Progress vs Security: The Pros and Cons of Loyalty

by Mark

Image 2023 02 26 T09 57 50

​In our last post regarding Chinese New Year, we touched on several zodiac rabbit character traits, one of which was loyalty. At Ellwood Consulting, we often get asked about how loyalty is perceived in the market, so in this post, we aim to explain this in more detail.

What does loyalty really mean? Does loyalty boost your career or hold you back?

As usual, there are two sides to this topic, so let’s delve in and explore what it means to be loyal to an employer…


What is loyalty to an employer?

Loyalty is a trait we probably consider essential in any personal or professional relationship – nobody wants to think their co-workers will abandon them when needed or that their friend wont ‘have their backs’. However, in this post, we’ll be specifically referring to loyalty to an employer.


When we talk about loyalty to an employer, what we are referring to is sticking with employer through thick and thin, good times and (if need be) the bad times, for the longer-term. This loyalty means you are committed to the company and usually willing to go above and beyond to help the organisation achieve its goals. It involves being a team player, demonstrating dedication to your work, and being willing to take on additional responsibilities. Loyalty also means that you have a sense of pride and ownership in the company's success. All of which sounds very positive.


Advantages of loyalty to an employer

  1. Increased job security: Employers usually appreciate loyal employees and are more likely to retain them during layoffs or downsizing

  2. Career advancement: Being a loyal employee can mean you are more likely to be considered for promotions or other career advancing opportunities. Employers like to recognise commitment and dedication and reward accordingly with greater responsibility

  3. Professional development: By being loyal, you can also benefit from professional development opportunities such as training, mentoring, and coaching. Employers are more likely to invest in your growth and development, which can improve skills and increase your value in the job market – should the unthinkable happen and you have to leave.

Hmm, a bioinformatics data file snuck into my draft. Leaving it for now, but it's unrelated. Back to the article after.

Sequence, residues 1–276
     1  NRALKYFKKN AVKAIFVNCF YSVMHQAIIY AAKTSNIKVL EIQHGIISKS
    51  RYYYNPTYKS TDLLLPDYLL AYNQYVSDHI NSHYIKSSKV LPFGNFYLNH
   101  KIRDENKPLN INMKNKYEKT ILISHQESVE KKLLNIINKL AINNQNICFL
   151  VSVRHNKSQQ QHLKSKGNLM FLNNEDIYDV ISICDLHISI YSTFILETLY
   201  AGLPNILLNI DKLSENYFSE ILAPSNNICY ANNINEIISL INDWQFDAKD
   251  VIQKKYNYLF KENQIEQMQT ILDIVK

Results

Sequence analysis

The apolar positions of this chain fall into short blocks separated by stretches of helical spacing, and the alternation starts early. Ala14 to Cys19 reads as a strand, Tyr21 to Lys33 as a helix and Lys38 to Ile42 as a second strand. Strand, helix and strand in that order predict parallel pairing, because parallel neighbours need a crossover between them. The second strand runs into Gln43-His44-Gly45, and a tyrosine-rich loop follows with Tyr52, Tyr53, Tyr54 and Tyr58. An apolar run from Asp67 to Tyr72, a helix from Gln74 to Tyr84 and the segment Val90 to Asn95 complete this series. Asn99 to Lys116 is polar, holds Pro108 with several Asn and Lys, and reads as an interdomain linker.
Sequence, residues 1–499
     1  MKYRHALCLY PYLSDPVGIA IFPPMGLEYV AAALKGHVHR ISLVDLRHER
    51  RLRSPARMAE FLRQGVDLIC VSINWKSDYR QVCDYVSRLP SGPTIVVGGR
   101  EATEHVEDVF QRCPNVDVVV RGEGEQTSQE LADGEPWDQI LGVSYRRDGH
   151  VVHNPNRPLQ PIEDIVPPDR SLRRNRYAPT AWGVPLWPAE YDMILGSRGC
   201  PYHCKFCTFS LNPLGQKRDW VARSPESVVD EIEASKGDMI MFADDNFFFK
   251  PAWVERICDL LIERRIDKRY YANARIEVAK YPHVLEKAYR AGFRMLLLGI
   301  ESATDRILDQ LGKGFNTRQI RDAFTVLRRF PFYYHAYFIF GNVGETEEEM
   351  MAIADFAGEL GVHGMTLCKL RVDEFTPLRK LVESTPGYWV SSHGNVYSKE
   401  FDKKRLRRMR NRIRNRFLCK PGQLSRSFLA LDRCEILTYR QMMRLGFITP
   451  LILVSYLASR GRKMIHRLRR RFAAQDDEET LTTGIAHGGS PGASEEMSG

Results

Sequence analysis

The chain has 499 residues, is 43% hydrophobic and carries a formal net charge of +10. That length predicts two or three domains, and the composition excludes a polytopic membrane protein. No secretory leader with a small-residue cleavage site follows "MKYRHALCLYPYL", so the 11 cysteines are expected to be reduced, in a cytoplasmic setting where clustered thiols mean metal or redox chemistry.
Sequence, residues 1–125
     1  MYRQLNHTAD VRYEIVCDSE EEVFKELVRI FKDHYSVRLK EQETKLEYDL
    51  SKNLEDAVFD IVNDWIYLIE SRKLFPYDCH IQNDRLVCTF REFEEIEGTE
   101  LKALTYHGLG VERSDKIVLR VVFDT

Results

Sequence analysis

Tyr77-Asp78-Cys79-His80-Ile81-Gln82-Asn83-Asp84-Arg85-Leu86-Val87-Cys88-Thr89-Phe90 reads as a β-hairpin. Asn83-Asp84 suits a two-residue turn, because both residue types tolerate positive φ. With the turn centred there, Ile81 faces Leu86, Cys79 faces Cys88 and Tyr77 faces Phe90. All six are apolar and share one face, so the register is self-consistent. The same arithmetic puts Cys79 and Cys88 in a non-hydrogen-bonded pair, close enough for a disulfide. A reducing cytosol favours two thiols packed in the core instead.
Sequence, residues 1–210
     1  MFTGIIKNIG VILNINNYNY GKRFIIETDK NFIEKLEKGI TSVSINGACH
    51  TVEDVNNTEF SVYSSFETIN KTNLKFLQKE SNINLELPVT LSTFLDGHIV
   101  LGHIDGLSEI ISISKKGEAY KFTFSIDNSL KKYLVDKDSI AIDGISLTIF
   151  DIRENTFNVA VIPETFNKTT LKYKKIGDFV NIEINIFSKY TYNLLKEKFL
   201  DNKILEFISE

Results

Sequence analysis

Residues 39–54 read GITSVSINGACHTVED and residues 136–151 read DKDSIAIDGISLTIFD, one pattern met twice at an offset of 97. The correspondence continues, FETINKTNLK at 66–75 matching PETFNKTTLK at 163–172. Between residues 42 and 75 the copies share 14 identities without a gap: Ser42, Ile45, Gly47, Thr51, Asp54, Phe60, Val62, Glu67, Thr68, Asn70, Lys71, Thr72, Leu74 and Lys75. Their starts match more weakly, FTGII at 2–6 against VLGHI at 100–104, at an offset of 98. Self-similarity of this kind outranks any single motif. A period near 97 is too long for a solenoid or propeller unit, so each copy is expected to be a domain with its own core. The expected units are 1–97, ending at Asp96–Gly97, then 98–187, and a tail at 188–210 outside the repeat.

So far, so ideal. Given the above then, it may sound surprising that the World Economic Forum stated recently that employee loyalty was falling – alluding to the Great Resignation we discussed at the time. Let’s take a look at the drawbacks:


Disadvantages of loyalty to an employer

  1. Stagnation: Being too loyal to an employer can also lead to career stagnation. You may become complacent in your current role, and the employer may not recognise your potential for growth and development. This can severely limit your opportunities for career advancement. This is particularly obvious if you have been at roughly the same level in the same firm for several years, and from an outside perspective, it looks as though you have been continually passed over for promotion. Usually, the assumption will be it’s because of you, not because of the employer’s failing.

  2. Limited perspective: Spending too long with a single company means that you’re not exploring other job opportunities or considering other companies. This can limit your perspective on employment as a whole, but also on your particular field and skills set. Especially at senior level, employers like to hire people who have seen different perspectives by being in different companies, giving them boarder experience of different ways to tackle problems.

  3. Exploitation: Some employers may take advantage of employees who are blindly loyal. They may give them more work or expect them to work longer hours without offering appropriate compensation. This can lead to burnout and can negatively impact their careers

So, clearly there is a balance to be struck here. You’ll want to be loyal enough to be invested in your work and motivated and utilised, given growth opportunities and a development plan. But you’ll also want to be sensitive to market conditions, possible career acceleration outside of your current firm and sensitive to when loyalty might be being abused.

Top tips for balancing loyalty and career advancement:

  1. Be proactive: Don't wait for your employer to recognise your potential. Take the initiative to learn new skills and take on new responsibilities. This will demonstrate your commitment and dedication to the firm while at the same time increasing your value in the job market

  2. Network: Build a network of contacts both inside and outside your organisation. This will help you gain a broader perspective and identify new job opportunities both internally and externally

  3. Negotiate: If your employer expects you to work longer hours or take on additional responsibilities, make sure you negotiate appropriate remuneration. This will help to prevent burnout and ensure that you are being compensated fairly for your work.

Loyalty to an employer can have both advantages and disadvantages for your career, and the choice is both personal and driven by you situation. It is important to strike a balance between being loyal and advancing your career in view of market expectations and, by being proactive, networking, and negotiating, you can demonstrate your commitment to your organisation and team while also taking steps to future-proof your career goals.